If there was anything the people during the exodus were good at, it was complaining. They started back in the early days and here they are over a year later, and they’re still whining. They’re lamenting the lack of meat, and saying how they had all kinds of food to eat in Egypt. They don’t mention that they were slaves, with no freedom, and often beaten, and their sons murdered, but you known at least they had fish and melons to eat.
The complaining was so bad, that Moses asked God to kill him if it was going to continue. Spoiler alert; it’s going to continue.
God tells Moses that he’s going to grant their request for meat, but because the people prefered their slavery in Egypt with meat over their liberty in the desert without meat, God is going to send them meat for a full 30 days until they’re sick of eating it. And so a great cloud of quails comes and covers the camp so that they had more meat than they could eat.
Chapter 12 has a short story about a bit of envy between the siblings of Moses over his role as prophet and mediator of the covenant. Aaron and Miriam say they’ve both heard God speak, so why does Moses get all the limelight. God nips this brewing coup attempt in the bud and calls out the two siblings. He tells them that most prophets receive words from him in their dreams, but Moses speaks to him face to face like a friend. This face to face conversations with God do somewhat take place on Mount Sinai, during his two separate 40 day stints on top of the mountain, but they full take place when he speaks to the Son on the mountain of transfiguration.
Because of this mini rebellion, Miriam is struck with leprosy and has to remain outside the camp for seven days until she can be purified, and only then can they continue their march.
Now it’s Zophar’s turn to give his second speech. He starts out by noting his offense that Job is rejecting their “advice” and saying God will judge what they have said. With each passing speech it becomes less abstract ideas about sin and punishment, and becomes more personal.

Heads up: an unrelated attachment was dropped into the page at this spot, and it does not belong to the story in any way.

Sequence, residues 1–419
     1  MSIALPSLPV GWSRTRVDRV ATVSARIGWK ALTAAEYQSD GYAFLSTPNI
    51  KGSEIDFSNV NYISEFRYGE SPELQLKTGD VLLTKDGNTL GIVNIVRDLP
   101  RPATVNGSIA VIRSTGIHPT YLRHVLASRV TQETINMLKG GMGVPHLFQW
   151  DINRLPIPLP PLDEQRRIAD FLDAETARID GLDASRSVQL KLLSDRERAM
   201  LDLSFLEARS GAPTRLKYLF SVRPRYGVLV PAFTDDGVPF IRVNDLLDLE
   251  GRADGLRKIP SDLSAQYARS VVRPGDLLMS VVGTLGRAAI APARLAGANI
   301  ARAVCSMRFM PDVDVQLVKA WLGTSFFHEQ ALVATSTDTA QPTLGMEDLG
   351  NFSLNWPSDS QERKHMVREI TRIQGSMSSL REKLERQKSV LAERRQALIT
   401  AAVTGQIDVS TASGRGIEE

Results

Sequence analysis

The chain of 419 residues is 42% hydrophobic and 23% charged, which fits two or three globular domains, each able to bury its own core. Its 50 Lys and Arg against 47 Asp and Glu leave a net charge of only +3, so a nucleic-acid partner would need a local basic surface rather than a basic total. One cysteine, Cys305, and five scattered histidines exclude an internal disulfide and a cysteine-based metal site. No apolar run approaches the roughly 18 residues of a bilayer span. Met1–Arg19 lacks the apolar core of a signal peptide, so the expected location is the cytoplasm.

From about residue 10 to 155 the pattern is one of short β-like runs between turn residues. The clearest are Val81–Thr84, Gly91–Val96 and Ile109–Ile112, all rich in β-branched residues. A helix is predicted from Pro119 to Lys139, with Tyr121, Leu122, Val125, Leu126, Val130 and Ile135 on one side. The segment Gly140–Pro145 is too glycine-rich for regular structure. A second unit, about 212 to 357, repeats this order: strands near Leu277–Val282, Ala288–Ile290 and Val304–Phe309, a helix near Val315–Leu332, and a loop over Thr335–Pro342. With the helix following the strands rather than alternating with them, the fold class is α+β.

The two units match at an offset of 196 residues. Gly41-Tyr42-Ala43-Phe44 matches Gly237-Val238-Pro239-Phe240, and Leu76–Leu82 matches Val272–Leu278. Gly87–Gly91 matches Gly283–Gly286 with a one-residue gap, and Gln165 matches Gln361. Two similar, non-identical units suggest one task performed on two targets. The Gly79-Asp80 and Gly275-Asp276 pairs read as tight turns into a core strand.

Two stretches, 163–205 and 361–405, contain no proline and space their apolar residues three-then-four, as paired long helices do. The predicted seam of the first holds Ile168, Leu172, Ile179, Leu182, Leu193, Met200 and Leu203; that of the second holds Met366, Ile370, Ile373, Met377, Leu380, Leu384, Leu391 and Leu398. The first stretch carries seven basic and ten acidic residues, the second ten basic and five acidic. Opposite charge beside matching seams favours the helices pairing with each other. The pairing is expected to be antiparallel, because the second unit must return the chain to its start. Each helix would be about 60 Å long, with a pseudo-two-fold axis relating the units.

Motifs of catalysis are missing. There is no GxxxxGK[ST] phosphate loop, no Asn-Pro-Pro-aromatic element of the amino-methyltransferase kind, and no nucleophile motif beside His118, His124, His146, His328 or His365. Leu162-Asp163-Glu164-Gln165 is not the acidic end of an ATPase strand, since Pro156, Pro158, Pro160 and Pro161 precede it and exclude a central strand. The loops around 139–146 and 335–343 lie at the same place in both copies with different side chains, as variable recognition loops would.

He then launches into a speech about the folly of the wicked. He notes that their sin may be sweet at first, but turns bitter in the mouth. These are all true sayings, but they really don’t apply to Job at all.
Job has his opportunity to answer, and in his opening he asks that they first listen to his words before they continue to mock him. Like I said, it’s getting more and more personal.
Job offers as a rebuttal to Zophar that lived experience shows that the wicked often live a long life and prosper, despite his assertions that the wicked are cut down by God in the prime of their life. Job says they often die of old age and go to the grave in peace with their children around them.
Job makes the point that moral standing doesn’t always influence comfortable or uncomfortable a person’s life might be on this earth. As he said that the wicked often have a good life, and also the righteous sometimes live lives of poverty and discomfort.
Hearing Jesus taking on the questions of the Sadducees, a scribe comes up and asks him a question. In Matthew’s account of this conversation, he tells us that the scribe is a member of the Pharisees and asks this question to test Jesus, while Mark doesn’t include these details. Maybe it’s because when he asks what the greatest commandment is, Jesus gives an answer that he completely agreed with. He then threw in a comment of agreement and Jesus told him he wasn’t far from the kingdom. Maybe Mark downplayed the scribe’s intentions to better focus in the fact that he was in complete agreement with Jesus.
The chapter closes with Jesus watching people drop their donations in the box for the temple treasury. The rich people came by and put in large amounts of money, but Jesus takes notice of a widow that gave two pennies. She gave her all to God, literally. This was a greater gift than the hundreds of gold coins given by the others, because it was deeply sacrificial.
This is like the first ever sacrificial offerings of Cain and Abel, where one gave his best and the other just gave some. Or how there was restrictions on sacrificing lame or sick animals. You’re only supposed to give your best to God, not your leftovers.